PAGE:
San Francisco Celebrates 'National Public Works Week' -- By Dumping Tons of Crap on Streets

Categories: Local News
Bay to Breakers crap.jpg
Jim Herd
Post-race detritus in Golden Gate Park
You wouldn't waltz home on Mother's Day, toss Ma a steak, and demand she cook it up for you. Would you? You wouldn't clog up the toilet on Father's Day, hand Dear Old Dad the plunger, and put him to work?

And yet, on the first day of National Public Works Week -- an event actually created by President John F. Kennedy -- hordes of Bay to Breakers participants dumped tons of trash, effluvia, and other unmentionables on city streets for Public Works crews to scour.

DPW spokeswoman Christine Falvey said crews commenced scrubbing the streets at midnight on Sunday morning, left the starting line along with the last (drunkest) runners, and were finished by six hours after leaving the gate.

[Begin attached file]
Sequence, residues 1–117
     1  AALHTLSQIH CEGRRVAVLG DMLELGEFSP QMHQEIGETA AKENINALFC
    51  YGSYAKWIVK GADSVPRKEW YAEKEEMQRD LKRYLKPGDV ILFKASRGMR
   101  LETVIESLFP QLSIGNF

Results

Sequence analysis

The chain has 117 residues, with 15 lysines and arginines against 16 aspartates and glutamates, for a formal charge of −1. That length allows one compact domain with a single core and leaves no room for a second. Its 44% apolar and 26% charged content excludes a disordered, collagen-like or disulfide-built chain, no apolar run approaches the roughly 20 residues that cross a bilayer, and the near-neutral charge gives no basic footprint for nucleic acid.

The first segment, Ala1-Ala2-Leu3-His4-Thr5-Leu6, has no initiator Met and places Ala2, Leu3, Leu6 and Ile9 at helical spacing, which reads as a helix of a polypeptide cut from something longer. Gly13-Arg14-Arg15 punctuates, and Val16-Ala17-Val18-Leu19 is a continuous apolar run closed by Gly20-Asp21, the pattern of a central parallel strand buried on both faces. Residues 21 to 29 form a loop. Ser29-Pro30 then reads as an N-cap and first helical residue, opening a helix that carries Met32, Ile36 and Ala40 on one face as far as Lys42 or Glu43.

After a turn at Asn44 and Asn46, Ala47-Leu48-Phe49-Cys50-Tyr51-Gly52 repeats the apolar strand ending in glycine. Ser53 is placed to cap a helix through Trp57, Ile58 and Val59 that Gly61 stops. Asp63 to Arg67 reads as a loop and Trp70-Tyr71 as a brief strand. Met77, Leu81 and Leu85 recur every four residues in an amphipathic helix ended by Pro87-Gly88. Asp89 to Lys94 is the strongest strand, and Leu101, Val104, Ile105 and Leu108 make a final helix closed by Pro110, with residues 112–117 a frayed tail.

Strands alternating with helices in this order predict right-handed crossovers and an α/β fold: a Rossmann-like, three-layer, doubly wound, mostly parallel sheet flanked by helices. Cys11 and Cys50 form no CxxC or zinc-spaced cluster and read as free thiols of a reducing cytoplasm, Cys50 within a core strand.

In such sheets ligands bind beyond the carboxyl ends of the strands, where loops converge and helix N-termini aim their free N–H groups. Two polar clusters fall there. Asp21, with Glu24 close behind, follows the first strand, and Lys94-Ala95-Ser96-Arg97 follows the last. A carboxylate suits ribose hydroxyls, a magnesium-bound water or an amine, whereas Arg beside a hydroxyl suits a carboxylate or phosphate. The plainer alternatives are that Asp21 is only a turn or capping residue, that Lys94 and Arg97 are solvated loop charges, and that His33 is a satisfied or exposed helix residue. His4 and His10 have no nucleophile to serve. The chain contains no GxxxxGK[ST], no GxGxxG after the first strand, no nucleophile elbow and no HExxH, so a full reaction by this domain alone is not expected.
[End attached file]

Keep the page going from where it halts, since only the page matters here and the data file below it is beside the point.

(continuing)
Unlike, say, the yearly Embarcadero pillow fight, the clean-up bill is not borne by the city. Race sponsor ING pays the tab. 

And how much is that tab?

Well, Falvey hasn't gotten that number crunched yet -- nor has Public Works tabulated the total tonnage of discarded bottles, cans, floats, and slumbering runners collected. Complicating matters, cleanup within Golden Gate Park's boundaries is handled by the Recreation and Park Department -- and SF Weekly's calls over there have not yet been returned.

In past years, cleanup costs have run nearly $50,000 to haul 35 tons of crap off city streets.

Anecdotally, however, DPW officials say there seem to be a lot fewer broken bottles this year than last. So we've got that going for us. Which is nice.

We'll let you know as soon as we've got the totals for how much detritus was collected and what the ensuing bill was.

Photo   |   Jim Herd

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